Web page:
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Surrey Countryside Champions – Green Westcott Community Garden

Craig Freeman
By Craig Freeman
9th January 2024

Over the last few years, the volunteers of Green Westcott have created a thriving community project that is a wonderful example of what can be achieved when a community works together. With no funding (and no land initially), Green Westcott has worked hard to set up and maintain a garden that benefits and serves the local community.

From growing food and supporting the local environment to holding events and creating a wonderful social space for people to enjoy, the Green Westcott Community Garden has quickly become an important part of the village. We caught up with some of the volunteers behind Green Westcott to hear more about the work they do with the community garden.

1. Thank you for taking the time to talk to us. Please could you summarise who you are and what you do?

Green Westcott is a group of environmental warriors trying to make a change in our local community. We are:

Nancy, a mother of two grown-up children, lover of animals, nature and passionate about the planet more widely, – “I have been a Dramatherapist and Clinical Supervisor for the last ten years working in hospitals, prisons, schools and in private practice with individuals or groups of adults and children needing support with their mental health. In January, I am having a career change and I’m going to train to be a paramedic.”

Jon, father and husband – “I love working with people on community projects. I run a shop called Jon & Mum Groceries next to the community garden which is part of Westcott Community Hub CIC. I love helping to realise community ambitions and seeing what’s possible when groups come together with a common aim. I also love the cake that appears whenever the Gardener’s get together.”

Kate – “I’ve had a long-held fascination with the natural world and am passionate about protecting the environment and helping nature thrive wherever possible. I’ve been a gardener for the last 12 years, mainly for the elderly who sometimes need assistance keeping their gardens maintained. I’m keen to encourage gardening whilst working with nature rather than against it. I’ve loved seeing the project take shape and be a part of it.”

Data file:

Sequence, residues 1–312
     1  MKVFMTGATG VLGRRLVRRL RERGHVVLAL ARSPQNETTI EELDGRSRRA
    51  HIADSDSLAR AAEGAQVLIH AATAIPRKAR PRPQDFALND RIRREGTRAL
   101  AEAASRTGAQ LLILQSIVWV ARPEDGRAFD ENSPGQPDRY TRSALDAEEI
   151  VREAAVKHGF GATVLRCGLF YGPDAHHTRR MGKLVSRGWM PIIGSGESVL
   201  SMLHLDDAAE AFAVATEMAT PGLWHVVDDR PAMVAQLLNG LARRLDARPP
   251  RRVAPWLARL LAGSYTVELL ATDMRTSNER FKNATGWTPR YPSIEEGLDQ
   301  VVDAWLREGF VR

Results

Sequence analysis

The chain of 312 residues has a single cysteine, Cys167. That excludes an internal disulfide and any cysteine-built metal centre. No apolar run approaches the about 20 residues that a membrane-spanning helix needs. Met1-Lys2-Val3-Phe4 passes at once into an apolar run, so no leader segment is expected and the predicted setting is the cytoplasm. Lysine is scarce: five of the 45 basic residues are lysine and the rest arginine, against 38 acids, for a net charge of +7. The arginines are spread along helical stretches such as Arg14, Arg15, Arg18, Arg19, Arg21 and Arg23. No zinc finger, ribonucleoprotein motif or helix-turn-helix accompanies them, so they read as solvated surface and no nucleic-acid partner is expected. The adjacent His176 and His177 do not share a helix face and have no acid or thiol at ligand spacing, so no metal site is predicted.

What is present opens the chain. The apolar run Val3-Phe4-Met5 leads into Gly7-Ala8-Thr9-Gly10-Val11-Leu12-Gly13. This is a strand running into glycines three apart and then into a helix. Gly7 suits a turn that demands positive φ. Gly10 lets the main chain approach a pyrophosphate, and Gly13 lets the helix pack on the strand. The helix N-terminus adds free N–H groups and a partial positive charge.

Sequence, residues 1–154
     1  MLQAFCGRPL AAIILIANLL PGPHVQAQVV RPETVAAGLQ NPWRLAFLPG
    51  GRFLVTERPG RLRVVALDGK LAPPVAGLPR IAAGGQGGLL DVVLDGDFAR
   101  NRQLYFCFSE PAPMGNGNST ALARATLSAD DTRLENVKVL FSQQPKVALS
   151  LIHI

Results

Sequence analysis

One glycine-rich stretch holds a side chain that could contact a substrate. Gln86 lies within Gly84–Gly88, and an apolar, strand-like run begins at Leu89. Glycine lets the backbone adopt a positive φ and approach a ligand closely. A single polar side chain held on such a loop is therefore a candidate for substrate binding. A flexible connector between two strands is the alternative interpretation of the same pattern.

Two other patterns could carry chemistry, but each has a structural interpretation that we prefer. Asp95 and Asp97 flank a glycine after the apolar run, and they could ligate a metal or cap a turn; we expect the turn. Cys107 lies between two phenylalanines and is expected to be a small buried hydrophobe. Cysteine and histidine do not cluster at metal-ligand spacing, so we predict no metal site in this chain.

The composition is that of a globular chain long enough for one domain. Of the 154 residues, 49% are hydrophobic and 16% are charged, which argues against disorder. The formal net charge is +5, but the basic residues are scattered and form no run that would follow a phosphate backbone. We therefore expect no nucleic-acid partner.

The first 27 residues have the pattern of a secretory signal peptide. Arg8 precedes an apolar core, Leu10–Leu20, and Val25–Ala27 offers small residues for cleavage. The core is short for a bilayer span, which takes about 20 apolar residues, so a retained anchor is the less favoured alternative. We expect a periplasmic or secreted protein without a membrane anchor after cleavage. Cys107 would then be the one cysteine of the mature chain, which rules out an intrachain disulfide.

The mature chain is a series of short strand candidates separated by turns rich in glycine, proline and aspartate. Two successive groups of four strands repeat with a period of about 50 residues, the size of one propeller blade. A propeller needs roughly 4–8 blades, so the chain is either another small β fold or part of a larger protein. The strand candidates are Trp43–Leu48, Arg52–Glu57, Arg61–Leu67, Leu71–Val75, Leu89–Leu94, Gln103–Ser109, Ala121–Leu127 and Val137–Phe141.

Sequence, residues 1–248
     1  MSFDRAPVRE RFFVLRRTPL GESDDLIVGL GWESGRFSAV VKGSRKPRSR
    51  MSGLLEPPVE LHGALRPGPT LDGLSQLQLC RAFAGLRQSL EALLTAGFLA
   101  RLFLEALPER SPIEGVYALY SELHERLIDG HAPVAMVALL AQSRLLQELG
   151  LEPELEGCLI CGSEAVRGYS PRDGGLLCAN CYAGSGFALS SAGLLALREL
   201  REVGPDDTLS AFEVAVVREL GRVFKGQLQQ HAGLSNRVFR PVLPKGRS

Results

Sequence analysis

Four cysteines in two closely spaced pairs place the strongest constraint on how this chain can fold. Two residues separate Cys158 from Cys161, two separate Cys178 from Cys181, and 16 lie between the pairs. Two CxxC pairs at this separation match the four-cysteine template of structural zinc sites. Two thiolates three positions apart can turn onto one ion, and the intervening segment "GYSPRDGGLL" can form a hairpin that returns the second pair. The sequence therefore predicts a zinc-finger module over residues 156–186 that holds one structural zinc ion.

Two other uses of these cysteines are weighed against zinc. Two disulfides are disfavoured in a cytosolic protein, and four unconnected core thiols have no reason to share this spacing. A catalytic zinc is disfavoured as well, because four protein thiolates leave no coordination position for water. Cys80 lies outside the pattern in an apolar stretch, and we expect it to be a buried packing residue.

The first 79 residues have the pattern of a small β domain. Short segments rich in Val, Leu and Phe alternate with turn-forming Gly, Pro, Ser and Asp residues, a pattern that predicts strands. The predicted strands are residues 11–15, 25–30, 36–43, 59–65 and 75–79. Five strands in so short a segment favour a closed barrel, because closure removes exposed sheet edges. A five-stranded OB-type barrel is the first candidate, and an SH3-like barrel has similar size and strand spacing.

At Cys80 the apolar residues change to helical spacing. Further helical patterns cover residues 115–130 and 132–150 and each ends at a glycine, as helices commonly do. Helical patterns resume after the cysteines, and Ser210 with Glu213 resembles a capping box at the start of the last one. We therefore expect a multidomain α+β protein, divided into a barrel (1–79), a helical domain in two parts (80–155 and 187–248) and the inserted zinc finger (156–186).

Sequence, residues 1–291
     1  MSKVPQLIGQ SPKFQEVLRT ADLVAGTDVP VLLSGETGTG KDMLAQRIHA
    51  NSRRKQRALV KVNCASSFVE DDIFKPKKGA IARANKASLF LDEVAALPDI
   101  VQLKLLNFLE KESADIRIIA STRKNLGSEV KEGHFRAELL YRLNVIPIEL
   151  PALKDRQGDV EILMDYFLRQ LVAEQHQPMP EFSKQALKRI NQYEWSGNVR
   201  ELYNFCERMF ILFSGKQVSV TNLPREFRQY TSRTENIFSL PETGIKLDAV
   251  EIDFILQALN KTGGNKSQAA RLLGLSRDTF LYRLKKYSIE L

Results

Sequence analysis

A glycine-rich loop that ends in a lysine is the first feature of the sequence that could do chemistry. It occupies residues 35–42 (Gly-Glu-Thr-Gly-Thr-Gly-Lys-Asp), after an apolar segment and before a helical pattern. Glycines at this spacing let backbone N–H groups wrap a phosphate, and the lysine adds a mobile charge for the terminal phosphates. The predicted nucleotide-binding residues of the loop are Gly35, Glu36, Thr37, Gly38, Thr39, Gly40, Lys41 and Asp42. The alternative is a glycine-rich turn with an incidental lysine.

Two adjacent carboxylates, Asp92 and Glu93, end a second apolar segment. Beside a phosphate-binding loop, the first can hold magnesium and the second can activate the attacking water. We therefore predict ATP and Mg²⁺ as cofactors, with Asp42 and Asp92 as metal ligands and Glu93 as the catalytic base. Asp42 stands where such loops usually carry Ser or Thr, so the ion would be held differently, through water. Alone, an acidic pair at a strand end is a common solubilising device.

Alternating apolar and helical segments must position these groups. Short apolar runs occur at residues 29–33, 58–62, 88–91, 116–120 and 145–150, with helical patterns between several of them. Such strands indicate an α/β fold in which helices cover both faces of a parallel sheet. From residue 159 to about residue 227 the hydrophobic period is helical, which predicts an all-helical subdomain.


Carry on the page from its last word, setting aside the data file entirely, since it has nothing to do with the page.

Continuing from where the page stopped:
Jakki – “I have lived surrounded by the beautiful Surrey Hills all my life and have always felt a deep love for nature that provides us with so much that is easy to take for granted – fresh air, clean water, and healthy soil! I feel it’s important to be actively involved in initiatives that help change towards a more resilient and equal society and I hope that the community garden will continue growing into a caring community of people and nature working together to help life thrive.”

Rob – “Living in Westcott for the last 18 years has been an escape from the hubbub of working in London five days a week. I love everything outdoors from walking and running in the Surrey Hills to camping and exploring the beautiful British Isles. Although I’m not a natural gardener the space it provides to bring people together from all walks of life to meet and bring their various skills to bear is vitally important in creating robust and sustainable communities. It’s also great for mental health, wellbeing, and learning.”

Image of volunteers from Green Westcott Community Garden

2. How did the Green Westcott Community Garden project come about?